THE IMPACT OF POLITICS ON SEXUAL AND REPRODUCTIVE HEALTH AND RIGHTS
RHM is compiling a themed issue to be published in May 2019 on the impact of politics on sexual and reproductive health and rights (SRHR). The purpose of the issue is to assimilate and highlight the consequences of and interconnections between political activities, systems or change on SRHR – whether at global, regional, state, or local levels, and at their intersections, especially in low- and middle-income settings.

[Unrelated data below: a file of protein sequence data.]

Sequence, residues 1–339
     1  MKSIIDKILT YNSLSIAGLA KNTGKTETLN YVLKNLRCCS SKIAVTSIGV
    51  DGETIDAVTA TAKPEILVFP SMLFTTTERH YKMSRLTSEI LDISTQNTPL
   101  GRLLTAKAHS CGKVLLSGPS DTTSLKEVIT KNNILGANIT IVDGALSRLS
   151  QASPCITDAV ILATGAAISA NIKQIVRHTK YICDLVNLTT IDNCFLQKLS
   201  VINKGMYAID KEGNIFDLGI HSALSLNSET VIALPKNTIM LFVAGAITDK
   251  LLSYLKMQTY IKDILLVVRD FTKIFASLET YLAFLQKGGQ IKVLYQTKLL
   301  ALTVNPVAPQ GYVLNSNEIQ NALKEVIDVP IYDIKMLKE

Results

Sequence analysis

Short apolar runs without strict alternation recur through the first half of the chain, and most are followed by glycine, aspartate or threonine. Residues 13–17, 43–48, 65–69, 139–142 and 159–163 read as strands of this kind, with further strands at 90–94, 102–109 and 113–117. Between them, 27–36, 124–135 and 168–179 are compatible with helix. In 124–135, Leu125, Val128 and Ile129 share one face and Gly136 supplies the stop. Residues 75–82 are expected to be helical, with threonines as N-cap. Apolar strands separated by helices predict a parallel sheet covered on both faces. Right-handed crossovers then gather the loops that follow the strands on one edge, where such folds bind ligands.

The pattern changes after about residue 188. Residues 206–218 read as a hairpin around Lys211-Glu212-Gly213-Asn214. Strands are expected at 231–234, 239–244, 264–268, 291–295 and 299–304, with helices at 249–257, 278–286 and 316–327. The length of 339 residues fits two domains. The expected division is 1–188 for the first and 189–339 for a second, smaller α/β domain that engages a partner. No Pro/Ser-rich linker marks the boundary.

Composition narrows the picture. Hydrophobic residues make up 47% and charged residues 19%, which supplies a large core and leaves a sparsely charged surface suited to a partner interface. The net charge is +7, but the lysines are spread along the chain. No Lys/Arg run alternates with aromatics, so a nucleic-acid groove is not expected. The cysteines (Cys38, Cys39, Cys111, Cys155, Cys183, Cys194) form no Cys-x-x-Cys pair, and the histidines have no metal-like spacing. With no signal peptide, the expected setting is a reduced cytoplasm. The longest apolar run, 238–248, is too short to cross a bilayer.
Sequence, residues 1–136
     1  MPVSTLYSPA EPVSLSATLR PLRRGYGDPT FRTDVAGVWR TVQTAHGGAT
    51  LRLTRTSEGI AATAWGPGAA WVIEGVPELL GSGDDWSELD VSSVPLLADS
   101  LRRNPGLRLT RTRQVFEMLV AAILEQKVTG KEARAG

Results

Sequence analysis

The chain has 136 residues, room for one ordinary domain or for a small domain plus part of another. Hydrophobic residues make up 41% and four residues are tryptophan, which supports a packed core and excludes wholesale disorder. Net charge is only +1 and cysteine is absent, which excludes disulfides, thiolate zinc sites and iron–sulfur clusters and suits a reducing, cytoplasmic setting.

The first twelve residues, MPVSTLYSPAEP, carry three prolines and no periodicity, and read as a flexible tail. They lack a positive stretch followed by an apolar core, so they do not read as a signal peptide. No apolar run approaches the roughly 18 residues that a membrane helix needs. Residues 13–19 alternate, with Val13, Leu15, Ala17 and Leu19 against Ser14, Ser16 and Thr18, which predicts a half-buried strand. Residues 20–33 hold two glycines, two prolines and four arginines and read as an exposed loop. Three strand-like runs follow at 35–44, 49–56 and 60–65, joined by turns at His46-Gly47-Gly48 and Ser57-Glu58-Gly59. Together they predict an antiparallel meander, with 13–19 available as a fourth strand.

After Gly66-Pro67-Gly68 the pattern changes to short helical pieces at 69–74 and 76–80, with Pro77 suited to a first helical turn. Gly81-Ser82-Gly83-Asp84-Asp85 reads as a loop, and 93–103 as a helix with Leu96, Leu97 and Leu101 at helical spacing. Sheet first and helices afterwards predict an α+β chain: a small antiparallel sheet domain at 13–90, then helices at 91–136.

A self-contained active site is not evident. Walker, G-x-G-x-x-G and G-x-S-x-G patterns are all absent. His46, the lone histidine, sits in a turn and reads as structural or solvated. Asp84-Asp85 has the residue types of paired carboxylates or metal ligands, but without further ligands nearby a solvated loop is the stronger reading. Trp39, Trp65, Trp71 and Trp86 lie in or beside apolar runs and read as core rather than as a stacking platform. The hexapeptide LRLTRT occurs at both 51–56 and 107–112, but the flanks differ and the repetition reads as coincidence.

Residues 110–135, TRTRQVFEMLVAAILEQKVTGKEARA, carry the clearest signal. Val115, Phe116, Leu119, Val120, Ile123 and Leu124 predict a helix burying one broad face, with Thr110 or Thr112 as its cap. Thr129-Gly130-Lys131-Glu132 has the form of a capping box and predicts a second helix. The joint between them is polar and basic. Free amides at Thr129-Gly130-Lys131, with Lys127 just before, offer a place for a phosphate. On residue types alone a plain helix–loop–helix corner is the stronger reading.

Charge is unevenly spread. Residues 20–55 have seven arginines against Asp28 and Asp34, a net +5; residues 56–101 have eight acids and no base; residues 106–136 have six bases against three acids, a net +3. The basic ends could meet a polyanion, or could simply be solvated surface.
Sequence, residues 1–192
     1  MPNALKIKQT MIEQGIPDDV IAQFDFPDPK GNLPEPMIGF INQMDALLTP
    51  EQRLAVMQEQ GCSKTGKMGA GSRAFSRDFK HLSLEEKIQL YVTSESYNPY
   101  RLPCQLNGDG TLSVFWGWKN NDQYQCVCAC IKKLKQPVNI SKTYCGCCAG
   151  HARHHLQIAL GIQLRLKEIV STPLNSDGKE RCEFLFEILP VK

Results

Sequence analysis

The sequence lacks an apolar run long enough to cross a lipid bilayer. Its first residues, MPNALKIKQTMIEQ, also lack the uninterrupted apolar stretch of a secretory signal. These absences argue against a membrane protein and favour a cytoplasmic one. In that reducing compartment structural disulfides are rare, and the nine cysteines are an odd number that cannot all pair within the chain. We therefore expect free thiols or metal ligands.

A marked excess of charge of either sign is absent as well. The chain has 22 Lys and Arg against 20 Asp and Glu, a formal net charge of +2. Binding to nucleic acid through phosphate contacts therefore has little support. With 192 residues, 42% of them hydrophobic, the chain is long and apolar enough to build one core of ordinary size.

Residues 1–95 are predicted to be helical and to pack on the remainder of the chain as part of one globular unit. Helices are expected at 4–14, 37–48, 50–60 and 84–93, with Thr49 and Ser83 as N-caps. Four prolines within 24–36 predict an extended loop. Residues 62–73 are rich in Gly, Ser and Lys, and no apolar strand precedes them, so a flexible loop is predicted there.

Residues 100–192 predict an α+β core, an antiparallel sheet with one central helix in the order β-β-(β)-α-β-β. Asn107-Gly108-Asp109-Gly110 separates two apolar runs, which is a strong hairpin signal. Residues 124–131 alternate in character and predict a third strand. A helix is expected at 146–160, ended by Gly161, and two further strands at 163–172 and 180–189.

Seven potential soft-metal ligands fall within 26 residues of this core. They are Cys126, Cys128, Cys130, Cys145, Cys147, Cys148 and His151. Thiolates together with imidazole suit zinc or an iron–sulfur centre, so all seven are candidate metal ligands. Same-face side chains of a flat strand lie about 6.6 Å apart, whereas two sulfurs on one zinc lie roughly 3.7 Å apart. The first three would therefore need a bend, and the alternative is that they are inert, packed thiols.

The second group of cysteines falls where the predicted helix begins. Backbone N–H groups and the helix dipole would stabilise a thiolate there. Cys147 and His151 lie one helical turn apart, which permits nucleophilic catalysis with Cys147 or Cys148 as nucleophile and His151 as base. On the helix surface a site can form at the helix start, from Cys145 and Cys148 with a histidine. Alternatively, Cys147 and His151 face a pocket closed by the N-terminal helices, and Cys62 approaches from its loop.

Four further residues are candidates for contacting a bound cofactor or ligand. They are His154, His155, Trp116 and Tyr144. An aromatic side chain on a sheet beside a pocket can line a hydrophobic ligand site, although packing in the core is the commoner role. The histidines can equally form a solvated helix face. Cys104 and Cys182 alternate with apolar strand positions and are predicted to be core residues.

The definition of politics is diverse and wide-ranging. Put succinctly by Lasswell in 1936, politics is about ‘who gets what, when and how’1, indicating its close association with power and influence. Politics has many facets. It can be an effective means of expanding evidence-informed action, representation, voice, agency, community engagement, co-operation, and opportunity for progressive change. Perceptions of politics can be negatively and emotionally charged; associated with ideology, dishonesty, self-interest, deceit and the unresponsiveness of institutions. Political activities and their impacts occur at different levels: they may be momentous global events, or they may take place locally, with effects at regional, national or local level. Politics may cause problems, solve them, or both, at the same time. Unintended and unforeseen consequences may result. People and population groups can be differentially affected by political actions in many ways: influencing laws and rights; determining war or peace; defining the distribution of information, wealth and health care; or shaping social cohesion2,3. Political decisions or expressions can have consequences impacting on the lives of individuals, including women and girls, and their ability to exercise and access SRHR. Institutions (such as multilateral organisations or non-government organisations) can also be affected, with changes to funding, established donor mechanisms, programmatic areas and capacity of organizations to engage with SRHR.